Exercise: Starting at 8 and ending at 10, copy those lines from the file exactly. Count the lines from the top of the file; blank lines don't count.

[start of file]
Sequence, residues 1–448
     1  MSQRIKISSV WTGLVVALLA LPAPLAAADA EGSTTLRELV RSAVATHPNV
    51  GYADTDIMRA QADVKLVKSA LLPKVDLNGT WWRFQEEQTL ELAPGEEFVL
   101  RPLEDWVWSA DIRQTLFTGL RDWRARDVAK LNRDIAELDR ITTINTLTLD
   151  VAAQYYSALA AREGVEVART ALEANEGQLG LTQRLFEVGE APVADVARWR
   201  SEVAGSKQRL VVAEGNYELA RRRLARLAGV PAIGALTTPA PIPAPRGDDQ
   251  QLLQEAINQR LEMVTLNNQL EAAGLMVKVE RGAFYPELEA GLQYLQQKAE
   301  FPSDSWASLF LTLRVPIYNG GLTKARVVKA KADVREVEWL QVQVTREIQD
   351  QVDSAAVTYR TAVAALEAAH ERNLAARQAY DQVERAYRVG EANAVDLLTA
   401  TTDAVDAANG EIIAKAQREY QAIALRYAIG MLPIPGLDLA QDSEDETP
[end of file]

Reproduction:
   301  FPSDSWASLF LTLRVPIYNG GLTKARVVKA KADVREVEWL QVQVTREIQD
   351  QVDSAAVTYR TAVAALEAAH ERNLAARQAY DQVERAYRVG EANAVDLLTA
   401  TTDAVDAANG EIIAKAQREY QAIALRYAIG MLPIPGLDLA QDSEDETP